Brain injury sufferer David McGuire

Golden hockey supports run

Players from Golden Minor Hockey, as well as the Golden Rockets ran through the streets of town on Thursday.

10th Avenue was a sea of red, blue and green jerseys as players from Golden Minor Hockey, as well as the Golden Rockets ran through the streets of town to show their support for brain injury survivor David McGuire.

It was April 1 when McGuire began “A Run to Remember” in Newfoundland, a nawareness raising campaign that will see him running 7230 km by the time he finishes in Victoria.

After his run through town to the Golden Arena with the hockey players, McGuire gave a speech to the crowd, talking about difficulties of living with a brain injury, and the importance of prevention.

“The reason I’m talking to your age group, is because you are at the highest risk,” said McGuire to the crowd of mainly young hockey players. “I don’t want any of you to have to go through what I went through.”

In 2005, McGuire suffered from a subdural hematoma (brain bleed), and woke up in a hospital with some very serious long term damage.

Although he can walk and talk, something his doctors told him he may never be able to do again, he does suffer from short-term memory loss, and wakes up everyday with almost no recollection of what happened the day before.

“Tomorrow I likely won’t remember having met any of you,” he said.

Although McGuire’s injury was not necessarily caused by an accident, many brain injuries are, and men between the ages of 16 and 24 have the highest rate of incidence.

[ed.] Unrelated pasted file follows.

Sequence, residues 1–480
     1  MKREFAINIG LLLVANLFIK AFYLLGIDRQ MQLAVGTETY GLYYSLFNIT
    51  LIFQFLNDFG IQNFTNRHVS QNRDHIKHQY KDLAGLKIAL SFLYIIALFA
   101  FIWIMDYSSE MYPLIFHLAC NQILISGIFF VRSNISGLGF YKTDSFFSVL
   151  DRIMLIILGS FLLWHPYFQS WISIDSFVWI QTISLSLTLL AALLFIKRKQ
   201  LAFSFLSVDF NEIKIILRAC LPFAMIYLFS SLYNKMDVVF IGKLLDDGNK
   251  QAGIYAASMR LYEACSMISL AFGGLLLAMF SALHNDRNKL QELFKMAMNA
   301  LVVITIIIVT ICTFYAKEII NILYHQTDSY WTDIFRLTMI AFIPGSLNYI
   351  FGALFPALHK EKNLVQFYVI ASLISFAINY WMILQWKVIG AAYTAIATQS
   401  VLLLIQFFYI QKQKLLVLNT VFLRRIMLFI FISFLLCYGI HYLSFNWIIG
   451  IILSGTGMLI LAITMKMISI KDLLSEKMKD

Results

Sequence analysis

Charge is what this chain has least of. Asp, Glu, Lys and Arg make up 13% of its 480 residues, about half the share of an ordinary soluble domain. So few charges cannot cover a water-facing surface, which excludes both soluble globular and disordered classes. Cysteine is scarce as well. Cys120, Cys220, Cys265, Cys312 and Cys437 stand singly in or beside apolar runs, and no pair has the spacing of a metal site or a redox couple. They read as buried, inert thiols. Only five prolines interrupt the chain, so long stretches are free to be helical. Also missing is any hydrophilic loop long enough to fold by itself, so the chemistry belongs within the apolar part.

McGuire took the time to explain to them just how their life could change if they  suffered from a similar brain injury.

“I can’t play video games anymore, because I can’t remember what the buttons do…By the time I figure out which one to push, I’ve already been killed,” he said. “Nobody wants to be on my team because I really suck now.”

“A Run to Remember” is aimed at raising awareness above anything else, because funding cuts have seen local Brain Trust (the organization that helps brain injury sufferers cope) chapters close due to funding cuts.

“The only cure for a brain injury, is don’t have one,” said McGuire. “And having a brain injury is a really crappy way to spend the rest of your life.”

Due to the high occurrence of brain injuries among hockey player, Golden Rockets President Curt Thorne was very grateful to McGuire for his efforts.

“Thank you for everything you’re doing for us and for hockey players in general. Sometimes we don’t realize how prevaleny brain injuries can be, even in our own community,” said Thorne, adding that already three Rockets have suffered from concussions this year.

Brain injury has become known as the “silent epidemic,”  affecting 166,455 people in Canada, and 22,000 people in B.C. each year. That is 456 people every day, and one person every three minutes in Canada.

McGuire is expected to complete his journey in Victoria on Dec. 9. He is still accepting donations through his website www.runtoremember.com

 

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